Forum for Science, Industry and Business

Sponsored by:     3M 
Search our Site:

 

Effectiveness of wastewater treatment may be damaged during a severe flu pandemic

02.03.2011
Existing plans for antiviral and antibiotic use during a severe influenza pandemic could reduce wastewater treatment efficiency prior to discharge into receiving rivers, resulting in water quality deterioration at drinking water abstraction points.

These conclusions are published this week (2 March 2011) in a new paper in the journal Environmental Health Perspectives, which reports on a study designed to assess the ecotoxicologic risks of a pandemic influenza medical response.

The research was carried out by a team from the Centre for Ecology & Hydrology (UK), the Institute for Scientific Interchange (Italy), Utrecht University (Netherlands), the University of Sheffield (UK), and Indiana University (USA).

The global public health community closely monitored the unfolding of the 2009 H1N1 influenza pandemic to best mitigate its impact on society. However, little attention was given to the impact that the medical response might have on the environment.

In order to evaluate this risk, the research team coupled a global spatially-structured epidemic model that simulates the quantities of antiviral and antibiotics used during an influenza pandemic of varying severity, with a water quality model applied to the Thames catchment in southern England to predict their environmental concentrations. An additional model was then used to assess ecotoxicologic effects of antibiotics and antiviral in wastewater treatment plants (WWTP) and rivers.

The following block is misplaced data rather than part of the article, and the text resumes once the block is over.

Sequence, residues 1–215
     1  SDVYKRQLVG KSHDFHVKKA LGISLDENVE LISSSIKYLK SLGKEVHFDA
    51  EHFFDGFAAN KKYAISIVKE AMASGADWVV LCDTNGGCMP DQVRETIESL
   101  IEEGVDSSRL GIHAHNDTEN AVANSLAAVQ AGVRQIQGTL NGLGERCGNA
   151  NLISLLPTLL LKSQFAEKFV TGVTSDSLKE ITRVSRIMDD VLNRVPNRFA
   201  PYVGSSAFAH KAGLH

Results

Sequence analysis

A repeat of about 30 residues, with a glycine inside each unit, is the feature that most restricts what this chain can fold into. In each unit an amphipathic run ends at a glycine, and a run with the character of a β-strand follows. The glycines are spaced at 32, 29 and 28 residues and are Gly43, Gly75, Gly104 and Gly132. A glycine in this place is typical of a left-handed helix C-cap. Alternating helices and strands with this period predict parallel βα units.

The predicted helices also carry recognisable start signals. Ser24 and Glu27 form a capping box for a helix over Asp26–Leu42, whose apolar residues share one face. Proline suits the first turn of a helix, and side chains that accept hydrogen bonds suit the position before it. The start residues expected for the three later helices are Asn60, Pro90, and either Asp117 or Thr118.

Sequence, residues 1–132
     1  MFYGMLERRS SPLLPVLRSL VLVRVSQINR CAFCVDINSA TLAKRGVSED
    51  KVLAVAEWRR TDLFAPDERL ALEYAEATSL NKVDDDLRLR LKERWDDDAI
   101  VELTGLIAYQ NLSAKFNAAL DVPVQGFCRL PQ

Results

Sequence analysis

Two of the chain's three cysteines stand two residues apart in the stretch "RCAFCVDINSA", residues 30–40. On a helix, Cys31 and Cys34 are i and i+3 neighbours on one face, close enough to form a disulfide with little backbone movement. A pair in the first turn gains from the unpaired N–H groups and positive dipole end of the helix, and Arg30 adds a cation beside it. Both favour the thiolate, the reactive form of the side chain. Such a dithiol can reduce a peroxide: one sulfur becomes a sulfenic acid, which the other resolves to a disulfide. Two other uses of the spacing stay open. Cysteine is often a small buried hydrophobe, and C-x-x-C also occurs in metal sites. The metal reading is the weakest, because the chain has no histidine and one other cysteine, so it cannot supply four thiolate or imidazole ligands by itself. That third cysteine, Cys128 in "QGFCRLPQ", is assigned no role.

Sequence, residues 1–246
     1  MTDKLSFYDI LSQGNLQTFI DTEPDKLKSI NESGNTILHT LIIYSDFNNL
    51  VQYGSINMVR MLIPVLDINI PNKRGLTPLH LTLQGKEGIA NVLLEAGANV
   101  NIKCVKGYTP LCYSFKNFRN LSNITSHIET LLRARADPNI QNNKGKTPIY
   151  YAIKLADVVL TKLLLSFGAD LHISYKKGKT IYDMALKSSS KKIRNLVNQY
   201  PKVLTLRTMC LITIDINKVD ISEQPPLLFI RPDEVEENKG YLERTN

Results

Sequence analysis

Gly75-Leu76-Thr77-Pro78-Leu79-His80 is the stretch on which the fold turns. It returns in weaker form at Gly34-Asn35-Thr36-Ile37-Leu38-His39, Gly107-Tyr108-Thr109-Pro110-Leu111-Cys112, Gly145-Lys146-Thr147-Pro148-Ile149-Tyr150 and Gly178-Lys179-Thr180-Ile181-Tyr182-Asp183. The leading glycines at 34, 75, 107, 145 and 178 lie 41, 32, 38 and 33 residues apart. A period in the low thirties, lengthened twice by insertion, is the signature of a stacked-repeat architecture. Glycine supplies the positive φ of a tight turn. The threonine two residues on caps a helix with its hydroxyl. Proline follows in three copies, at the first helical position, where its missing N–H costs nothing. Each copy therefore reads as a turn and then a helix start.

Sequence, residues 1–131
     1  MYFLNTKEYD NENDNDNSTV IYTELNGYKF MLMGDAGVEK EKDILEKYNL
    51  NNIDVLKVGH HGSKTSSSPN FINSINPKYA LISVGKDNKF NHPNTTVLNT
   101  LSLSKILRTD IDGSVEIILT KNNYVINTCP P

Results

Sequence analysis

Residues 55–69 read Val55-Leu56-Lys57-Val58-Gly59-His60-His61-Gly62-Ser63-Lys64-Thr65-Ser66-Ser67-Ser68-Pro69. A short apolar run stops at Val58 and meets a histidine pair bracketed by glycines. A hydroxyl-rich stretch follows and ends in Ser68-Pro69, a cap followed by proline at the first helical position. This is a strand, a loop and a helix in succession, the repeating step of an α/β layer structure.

The research team concluded that, consistent with expectations, a mild pandemic (as in 2009) was projected to exhibit a negligible ecotoxicologic hazard. However in a moderate and severe pandemic nearly all WWTPs (80-100%) were projected to exceed the threshold for microbial growth inhibition, potentially reducing the capacity of the plant to treat wastewater. In addition, a proportion (5-40%) of the River Thames was similarly projected to exceed key thresholds for environmental toxicity, resulting in potential contamination and eutrophication at drinking water abstraction points.

Lead author Dr Andrew Singer, from the Centre for Ecology & Hydrology, said, "Our results suggest that existing plans for drug use during an influenza pandemic could result in discharge of inefficiently treated wastewater into the UK's rivers. The potential widespread release of antivirals and antibiotics into the environment may hasten the development of resistant pathogens with implications for human health during and potentially well after the formal end of the pandemic."

Dr Singer added, "We must develop a better understanding of wastewater treatment plants ecotoxicity before the hazards posed by a pandemic influenza medical response can be reliably assessed. However, the production and successful distribution of pre-pandemic and pandemic influenza vaccines could go a long way towards alleviating all of the identified environmental and human health problems highlighted in our paper, with the significant added benefit of reducing morbidity and mortality of the UK population. This latter challenge of vaccination is probably society's greatest challenge, but also where the greatest gains can be made."

Barnaby Smith | EurekAlert!
Further information:
http://www.ceh.ac.uk

More articles from Ecology, The Environment and Conservation:

nachricht Preservation of floodplains is flood protection
27.09.2017 | Technische Universität München

nachricht Conservationists are sounding the alarm: parrots much more threatened than assumed